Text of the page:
Overdrive and Distortion
Overdrive is a naturally occurring distortion that takes place once you have plugged in an amp, but a guitar synthesizer amplifies that throaty sound your ax is creating. On the other hand, distortion will offer a sweet smooth sound that’s a blend of notes, creating a cool different sound level. Consider the overdrive and distortion of any unit before investing in one.
EQ refers to equalization, which is when where the balance between frequency within an electronic signal is adjusted. An equalizing gadget is known as an equalizer; its job is to either strengthen or weaken energy in specific frequency ranges.
Your EQ will boost the sound aspects, which limits the effects of creating a unique sound profile. For instance, you can raise your treble to create an amazing bell; this goes a long way to boost the bass, creating an awesome bass guitar riff.
The equalizer in the synth you choose is one of the most important features.
A synthesizer with sound conditioning allows you to control your volume without having to stop everything to manually adjust it with the knob that’s on the guitar. The strength behind your sound is referred to as gain. While performing, especially solo, you want to have control over your volume and gain, too, without having to pause your performance to do so.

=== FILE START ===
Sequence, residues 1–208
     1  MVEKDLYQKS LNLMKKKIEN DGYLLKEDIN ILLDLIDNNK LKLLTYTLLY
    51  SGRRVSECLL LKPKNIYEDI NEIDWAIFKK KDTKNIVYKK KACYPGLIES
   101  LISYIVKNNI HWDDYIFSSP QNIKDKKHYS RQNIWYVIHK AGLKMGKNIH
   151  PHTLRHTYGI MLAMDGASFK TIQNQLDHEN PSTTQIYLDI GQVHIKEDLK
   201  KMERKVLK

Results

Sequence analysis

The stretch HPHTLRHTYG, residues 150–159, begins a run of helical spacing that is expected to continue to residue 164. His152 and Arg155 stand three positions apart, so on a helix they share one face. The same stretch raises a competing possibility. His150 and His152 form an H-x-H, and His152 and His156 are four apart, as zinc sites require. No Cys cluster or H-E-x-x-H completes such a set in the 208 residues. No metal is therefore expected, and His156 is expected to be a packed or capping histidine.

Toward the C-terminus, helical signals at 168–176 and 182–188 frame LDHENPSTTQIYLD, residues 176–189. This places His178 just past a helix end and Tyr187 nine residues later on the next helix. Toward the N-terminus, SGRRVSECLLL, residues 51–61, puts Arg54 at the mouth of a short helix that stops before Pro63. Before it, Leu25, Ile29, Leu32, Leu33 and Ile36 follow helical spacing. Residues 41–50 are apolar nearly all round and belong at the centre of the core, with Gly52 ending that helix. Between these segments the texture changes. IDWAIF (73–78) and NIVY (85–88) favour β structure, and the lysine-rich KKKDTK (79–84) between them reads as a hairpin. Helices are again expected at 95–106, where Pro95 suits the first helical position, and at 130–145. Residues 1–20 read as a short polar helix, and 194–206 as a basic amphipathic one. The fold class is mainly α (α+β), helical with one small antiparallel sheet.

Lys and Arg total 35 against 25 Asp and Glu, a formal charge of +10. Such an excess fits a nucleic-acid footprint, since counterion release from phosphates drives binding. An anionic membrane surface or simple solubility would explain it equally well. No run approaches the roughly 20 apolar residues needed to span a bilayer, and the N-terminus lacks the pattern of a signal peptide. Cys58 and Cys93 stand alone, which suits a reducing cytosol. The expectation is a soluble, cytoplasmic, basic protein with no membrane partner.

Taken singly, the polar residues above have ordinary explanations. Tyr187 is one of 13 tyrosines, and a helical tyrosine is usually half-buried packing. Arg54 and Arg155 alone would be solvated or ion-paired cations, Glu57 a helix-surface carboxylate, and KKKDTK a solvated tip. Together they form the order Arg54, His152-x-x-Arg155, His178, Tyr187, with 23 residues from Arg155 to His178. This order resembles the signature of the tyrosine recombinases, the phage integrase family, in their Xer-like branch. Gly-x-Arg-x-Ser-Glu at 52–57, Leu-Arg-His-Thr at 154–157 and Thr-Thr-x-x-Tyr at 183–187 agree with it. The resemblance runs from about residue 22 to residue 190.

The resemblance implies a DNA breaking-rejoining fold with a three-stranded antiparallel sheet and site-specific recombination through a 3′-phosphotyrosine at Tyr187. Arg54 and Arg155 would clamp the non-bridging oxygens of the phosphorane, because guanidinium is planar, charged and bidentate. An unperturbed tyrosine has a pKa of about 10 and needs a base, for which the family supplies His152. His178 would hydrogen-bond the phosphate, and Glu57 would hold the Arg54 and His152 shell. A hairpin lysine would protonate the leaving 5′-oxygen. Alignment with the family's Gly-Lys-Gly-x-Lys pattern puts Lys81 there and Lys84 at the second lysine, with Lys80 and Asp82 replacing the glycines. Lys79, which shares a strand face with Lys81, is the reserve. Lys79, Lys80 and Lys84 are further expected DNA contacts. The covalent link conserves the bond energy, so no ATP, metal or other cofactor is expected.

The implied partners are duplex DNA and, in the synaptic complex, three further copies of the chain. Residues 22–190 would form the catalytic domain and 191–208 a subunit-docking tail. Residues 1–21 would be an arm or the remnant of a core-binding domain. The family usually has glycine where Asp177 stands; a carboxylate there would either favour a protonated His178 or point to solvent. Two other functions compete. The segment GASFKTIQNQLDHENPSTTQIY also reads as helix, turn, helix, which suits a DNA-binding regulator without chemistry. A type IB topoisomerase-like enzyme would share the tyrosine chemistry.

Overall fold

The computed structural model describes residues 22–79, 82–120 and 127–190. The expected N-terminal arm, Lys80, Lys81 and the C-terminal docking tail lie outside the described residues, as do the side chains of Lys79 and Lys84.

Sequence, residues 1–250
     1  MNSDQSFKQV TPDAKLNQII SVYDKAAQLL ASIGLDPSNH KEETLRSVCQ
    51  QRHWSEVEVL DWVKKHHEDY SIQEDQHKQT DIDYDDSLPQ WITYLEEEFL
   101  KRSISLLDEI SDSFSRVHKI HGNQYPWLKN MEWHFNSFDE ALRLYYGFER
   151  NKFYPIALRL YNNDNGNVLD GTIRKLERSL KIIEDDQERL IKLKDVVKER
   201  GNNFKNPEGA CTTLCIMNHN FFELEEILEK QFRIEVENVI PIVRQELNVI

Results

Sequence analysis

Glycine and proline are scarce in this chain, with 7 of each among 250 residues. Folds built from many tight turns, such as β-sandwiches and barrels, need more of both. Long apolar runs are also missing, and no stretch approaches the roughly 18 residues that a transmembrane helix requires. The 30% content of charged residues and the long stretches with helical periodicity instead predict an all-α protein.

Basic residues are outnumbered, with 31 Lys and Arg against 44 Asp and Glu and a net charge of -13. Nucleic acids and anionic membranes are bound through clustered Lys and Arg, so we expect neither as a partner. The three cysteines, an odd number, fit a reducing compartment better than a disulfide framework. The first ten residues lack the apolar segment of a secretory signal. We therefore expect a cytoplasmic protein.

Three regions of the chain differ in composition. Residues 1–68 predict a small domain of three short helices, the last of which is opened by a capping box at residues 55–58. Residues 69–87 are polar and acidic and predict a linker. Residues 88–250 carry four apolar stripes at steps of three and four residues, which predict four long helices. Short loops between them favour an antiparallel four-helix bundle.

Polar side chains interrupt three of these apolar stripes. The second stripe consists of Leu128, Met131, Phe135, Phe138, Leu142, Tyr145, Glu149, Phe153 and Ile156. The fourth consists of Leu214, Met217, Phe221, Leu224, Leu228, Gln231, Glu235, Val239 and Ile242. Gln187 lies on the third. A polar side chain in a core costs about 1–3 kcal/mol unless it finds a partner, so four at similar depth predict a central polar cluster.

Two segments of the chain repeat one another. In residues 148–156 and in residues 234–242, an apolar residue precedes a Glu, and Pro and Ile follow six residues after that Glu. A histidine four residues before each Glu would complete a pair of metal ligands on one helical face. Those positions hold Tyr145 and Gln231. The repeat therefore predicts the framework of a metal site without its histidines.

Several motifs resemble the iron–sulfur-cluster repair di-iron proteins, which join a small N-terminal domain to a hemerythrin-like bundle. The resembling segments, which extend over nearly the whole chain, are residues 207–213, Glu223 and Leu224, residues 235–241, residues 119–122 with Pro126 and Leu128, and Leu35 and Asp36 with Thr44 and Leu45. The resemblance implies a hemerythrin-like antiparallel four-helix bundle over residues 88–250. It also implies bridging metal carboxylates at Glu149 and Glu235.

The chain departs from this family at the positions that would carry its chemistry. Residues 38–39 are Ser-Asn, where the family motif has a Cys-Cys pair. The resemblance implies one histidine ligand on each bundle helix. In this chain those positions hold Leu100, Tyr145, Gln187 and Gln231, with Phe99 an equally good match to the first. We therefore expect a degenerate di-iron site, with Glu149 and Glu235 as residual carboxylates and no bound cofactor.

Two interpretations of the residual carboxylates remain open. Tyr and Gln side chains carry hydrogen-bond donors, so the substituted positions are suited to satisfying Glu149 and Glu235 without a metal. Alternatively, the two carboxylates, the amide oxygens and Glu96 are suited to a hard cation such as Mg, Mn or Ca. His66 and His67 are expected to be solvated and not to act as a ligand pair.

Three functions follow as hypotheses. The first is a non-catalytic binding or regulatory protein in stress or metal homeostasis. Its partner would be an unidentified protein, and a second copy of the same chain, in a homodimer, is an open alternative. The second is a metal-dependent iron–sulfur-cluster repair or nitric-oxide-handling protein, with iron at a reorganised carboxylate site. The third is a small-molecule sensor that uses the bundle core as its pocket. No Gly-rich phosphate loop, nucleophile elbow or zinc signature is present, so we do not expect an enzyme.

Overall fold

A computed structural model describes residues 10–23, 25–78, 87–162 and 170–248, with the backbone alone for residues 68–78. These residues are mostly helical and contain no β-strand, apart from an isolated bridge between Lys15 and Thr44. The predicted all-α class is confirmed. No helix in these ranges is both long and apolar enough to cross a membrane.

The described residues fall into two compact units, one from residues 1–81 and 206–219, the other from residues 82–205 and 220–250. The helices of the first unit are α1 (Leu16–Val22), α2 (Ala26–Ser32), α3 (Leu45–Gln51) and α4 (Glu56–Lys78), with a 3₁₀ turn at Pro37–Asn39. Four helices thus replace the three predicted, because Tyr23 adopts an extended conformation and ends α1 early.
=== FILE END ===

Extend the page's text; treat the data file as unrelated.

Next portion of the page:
If you’re a solo performer, it’s highly advisable that you only consider synth pedals that allow for sound conditioning.
Some synthesizers are compatible with multiple instruments. If you’re a musician with a variety of electronic instruments in your repertoire, you might want to select a model that you can use with all of them.
Advantages of Using a Guitar Synthesizer Pedal
A guitar synth pedal is an effect processor; it allows you to emulate sounds with the synthesizer using your guitar.
Using a synth pedal allows you to expand your sonic palette while creating distinctive tones. Each pedal will usually have a different emulation process; some utilize analog circuits, while others might be using digital computer chips and algorithms.
After activating the guitar effects unit, the synth pedal takes an output signal from your guitar and begins to change your overall sound.
The processing units are usable in both live performance settings and in-studio recording sessions too. That means you can replicate your unique sound creations wherever you play.
If you want, you can also play the synthesizer alone. Combined with the many tones you can achieve, you have plenty of options to experiment musically.
One of the issues with earlier guitar synthesizers is that they would lag, which would create discord during performances. Newer, more advanced models typically don’t have this issue.
Synthesizers are a simpler alternative to a keyboard as they’re easier to handle. At the same time, they usually offer a wider range of sounds than a keyboard does.
You don’t require a special set of skills to use a synthesizer either—it’s less effort to learn to use one of these gadgets than to pick up a new instrument to accompany your guitar.